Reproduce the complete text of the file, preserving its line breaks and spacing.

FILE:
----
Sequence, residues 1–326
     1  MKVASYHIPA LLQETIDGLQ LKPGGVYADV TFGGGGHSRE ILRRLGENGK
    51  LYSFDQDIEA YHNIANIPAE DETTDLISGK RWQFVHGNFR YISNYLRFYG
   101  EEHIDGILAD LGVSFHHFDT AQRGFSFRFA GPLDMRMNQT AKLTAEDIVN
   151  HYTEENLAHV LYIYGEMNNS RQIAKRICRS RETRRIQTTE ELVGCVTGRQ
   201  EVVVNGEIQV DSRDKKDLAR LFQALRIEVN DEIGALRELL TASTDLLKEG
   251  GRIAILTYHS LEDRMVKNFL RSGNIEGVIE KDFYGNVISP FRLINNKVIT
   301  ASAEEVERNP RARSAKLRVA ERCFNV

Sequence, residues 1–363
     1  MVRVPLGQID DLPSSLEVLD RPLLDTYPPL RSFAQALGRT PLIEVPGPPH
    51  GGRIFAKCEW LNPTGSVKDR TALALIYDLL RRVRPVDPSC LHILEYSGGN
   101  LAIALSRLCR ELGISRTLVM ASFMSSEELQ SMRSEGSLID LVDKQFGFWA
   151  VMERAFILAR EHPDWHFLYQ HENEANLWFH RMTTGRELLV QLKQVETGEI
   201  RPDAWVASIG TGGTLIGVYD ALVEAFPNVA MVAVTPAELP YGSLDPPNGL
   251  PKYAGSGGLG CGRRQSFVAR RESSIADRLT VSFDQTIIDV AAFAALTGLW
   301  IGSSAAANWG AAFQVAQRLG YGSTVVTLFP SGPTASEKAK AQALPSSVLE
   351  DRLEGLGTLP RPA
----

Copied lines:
Sequence, residues 1–326
     1  MKVASYHIPA LLQETIDGLQ LKPGGVYADV TFGGGGHSRE ILRRLGENGK
    51  LYSFDQDIEA YHNIANIPAE DETTDLISGK RWQFVHGNFR YISNYLRFYG
   101  EEHIDGILAD LGVSFHHFDT AQRGFSFRFA GPLDMRMNQT AKLTAEDIVN
   151  HYTEENLAHV LYIYGEMNNS RQIAKRICRS RETRRIQTTE ELVGCVTGRQ
   201  EVVVNGEIQV DSRDKKDLAR LFQALRIEVN DEIGALRELL TASTDLLKEG
   251  GRIAILTYHS LEDRMVKNFL RSGNIEGVIE KDFYGNVISP FRLINNKVIT
   301  ASAEEVERNP RARSAKLRVA ERCFNV

Sequence, residues 1–363
     1  MVRVPLGQID DLPSSLEVLD RPLLDTYPPL RSFAQALGRT PLIEVPGPPH
    51  GGRIFAKCEW LNPTGSVKDR TALALIYDLL RRVRPVDPSC LHILEYSGGN
   101  LAIALSRLCR ELGISRTLVM ASFMSSEELQ SMRSEGSLID LVDKQFGFWA
   151  VMERAFILAR EHPDWHFLYQ HENEANLWFH RMTTGRELLV QLKQVETGEI
   201  RPDAWVASIG TGGTLIGVYD ALVEAFPNVA MVAVTPAELP YGSLDPPNGL
   251  PKYAGSGGLG CGRRQSFVAR RESSIADRLT VSFDQTIIDV AAFAALTGLW
   301  IGSSAAANWG AAFQVAQRLG YGSTVVTLFP SGPTASEKAK AQALPSSVLE
   351  DRLEGLGTLP RPA